You say that a parents responsibility is to get their child to adulthood – REALLY? that’s it? I could lock my child in a cupboard, feeding it through a door, taking it for a walk once a day and get it to adulthood. Is this ok? Apparently so by your argument – I’ve done my job and got them to adulthood!

    Madeline – you discuss how post birth is as, if not more, trying on a woman’s body than pregnancy. I cannot understand where you would base this – a pregnant woman shares her blood, her nutrients, her oxygen. Yes, a newborn can be hard, but it does not take away from her basic survival needs. With a newborn, she, in some circumstances may also share the role. A pregnant woman has no opportunity to share her role.

    There are major implications on a girls/woman’s life should she have a child. I feel (oh yes, feel! not a word we like in this blog!) that this is incredibly diminished in your arguments that reduce such a huge experience that involves body, mind and soul to an argument upon a page. I dislike that pregnancy and motherhood is reduced to this.

    I must also ask Matt and Madeleine if you are both vegetarians? Most of your arguments would also fail to afford you the right to consume flesh.

    Finally, in amongst all this academic discussion I beg you to just get real.

    If you look at brain chemistry and basic brain development, you will find a fundamental fact:

    In order to thrive, a child requires physical, comforting love. Without this, a baby will grow up with a number of issues, depending upon the level of neglect.

    Raising a baby goes far beyond ‘your house’ or other such crap. It’s a futile argument that fails to acknowledge that you are talking about people’s lives.

    This is much longer than I expected, and no doubt you’ll bring about some quote from Singer or some other ethicist. Tell me from a human perspective – tell me why solo mums are not supported in this country in the same breath as you tell me that that mother does not have the right to end that potential life.

    Tell me why your energy is not spent on helping and supporting mums in these circumstances?

    Where society does not judge them, nor fail to look after them so that it takes an exceptionally strong person to overcome these issues?

    Ugh! Get in the REAL world people!!!

  • Jerry- Perhaps you can answer me this, suppose a government allowed parents to kill their new born children, in fact suppose they not only allowed it they actually provided free services whereby people could get an employee of the state to “put down” any unwanted babies they had and suppose further they approached teenagers at school and told them how to access these “child termination” services and that it was OK to do so.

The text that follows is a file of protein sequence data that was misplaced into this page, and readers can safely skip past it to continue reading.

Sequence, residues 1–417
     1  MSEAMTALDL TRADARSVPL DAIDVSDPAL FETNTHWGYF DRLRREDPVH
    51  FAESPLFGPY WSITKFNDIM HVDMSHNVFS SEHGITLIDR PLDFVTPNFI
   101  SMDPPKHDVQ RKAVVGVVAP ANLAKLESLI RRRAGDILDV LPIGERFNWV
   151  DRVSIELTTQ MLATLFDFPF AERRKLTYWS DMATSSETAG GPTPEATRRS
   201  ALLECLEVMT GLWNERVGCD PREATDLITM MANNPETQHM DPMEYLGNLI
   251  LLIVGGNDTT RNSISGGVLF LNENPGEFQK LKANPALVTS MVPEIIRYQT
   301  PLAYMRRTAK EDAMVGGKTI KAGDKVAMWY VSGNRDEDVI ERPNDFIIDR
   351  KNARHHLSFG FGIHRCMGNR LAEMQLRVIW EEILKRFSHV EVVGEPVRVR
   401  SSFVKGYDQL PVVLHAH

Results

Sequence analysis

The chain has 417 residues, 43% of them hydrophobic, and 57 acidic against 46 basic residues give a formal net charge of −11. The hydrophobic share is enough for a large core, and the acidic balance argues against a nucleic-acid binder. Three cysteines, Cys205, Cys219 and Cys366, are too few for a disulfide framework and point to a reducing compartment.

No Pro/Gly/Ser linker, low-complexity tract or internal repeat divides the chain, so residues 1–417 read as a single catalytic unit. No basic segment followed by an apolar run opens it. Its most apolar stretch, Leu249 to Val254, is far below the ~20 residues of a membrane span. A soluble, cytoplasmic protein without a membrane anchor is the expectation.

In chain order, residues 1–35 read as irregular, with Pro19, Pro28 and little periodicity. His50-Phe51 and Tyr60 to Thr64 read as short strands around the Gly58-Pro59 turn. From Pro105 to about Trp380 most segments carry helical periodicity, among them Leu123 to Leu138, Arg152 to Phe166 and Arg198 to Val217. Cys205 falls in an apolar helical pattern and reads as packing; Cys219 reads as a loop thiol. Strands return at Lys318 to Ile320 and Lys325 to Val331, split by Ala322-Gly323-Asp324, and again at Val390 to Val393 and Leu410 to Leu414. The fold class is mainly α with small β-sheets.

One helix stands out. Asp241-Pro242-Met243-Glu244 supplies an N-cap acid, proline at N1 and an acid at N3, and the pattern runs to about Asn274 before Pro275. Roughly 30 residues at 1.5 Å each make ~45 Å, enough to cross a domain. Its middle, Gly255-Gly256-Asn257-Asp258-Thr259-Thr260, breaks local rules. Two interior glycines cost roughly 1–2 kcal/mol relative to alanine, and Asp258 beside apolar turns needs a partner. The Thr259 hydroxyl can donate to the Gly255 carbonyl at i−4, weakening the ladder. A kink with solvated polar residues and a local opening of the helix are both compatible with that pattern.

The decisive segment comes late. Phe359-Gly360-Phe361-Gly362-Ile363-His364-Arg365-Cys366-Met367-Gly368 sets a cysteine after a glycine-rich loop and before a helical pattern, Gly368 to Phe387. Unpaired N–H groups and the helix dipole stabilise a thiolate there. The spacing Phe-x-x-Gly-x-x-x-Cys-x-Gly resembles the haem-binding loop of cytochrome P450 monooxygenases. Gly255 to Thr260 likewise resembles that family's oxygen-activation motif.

Would you respond by saying, Oh well lets ignore the fact they are doing this, and work towards a better welfare system and more condoms in schools so less parents choose the option?

    I doubt it.
    .-= My last blog-post ..Christian Blog Carnival 309 =-.

  • That you don’t have the means to fulfil your parental duties in the best way does not mean that your duties are nullified…Anyway, that does not mean that you can then kill the person to whom you owe a duty, melodramatic appeals to the plight of parents notwithstanding…Logic 101

  • Madeleine,

    Glad to be of service, and thank you for your kind words. I will try to think of something interesting to write about and let you know when I am ready. In the meantime, I’ll add your blog to the list of blogs I visit on a regular basis.

    wgbutler777

  • Matt – no, you’re ignoring the question – my point is that until we create a society where ALL mothers / and newborns needs are met, then there is going to be termination.

    It’s worth noting that the medical term is termination – an abortion refers to a miscarriage ie. a missed abortion is a ‘missed miscarriage’. Lay people use abortion, medical community uses termination.

    And Mark L. logic 101 all you want – these are the realities of new mums, not some melodramatic appeal. If you want evidence of this, look at the rates of post natal depression or talk to a great number of mums who will tell you the accuracy of what I have said.

    I’m not getting how you differentiate between this information?

    That said, before you start jumping on me, I’m not even advocating termination, I’m just saying that I think there is a whole lot more to consider than these intellectual arguments that fail to acknowledge that you are dealing with people’s lives.

    Matt, I would also be most interested (as I’ve never heard this) that schools promote – or even just give information – regarding termination services? This must be an extremely new, if it happens, and I would dare say that the majority of parents would not agree to this? If you look at all the drama surrounding whether a parent has the right to know if their 14 year old daughter plans to have a termination, for example, I bet these same people would kick up their feet if such a policy was available in schools.

    In my understanding, contraception only is taught.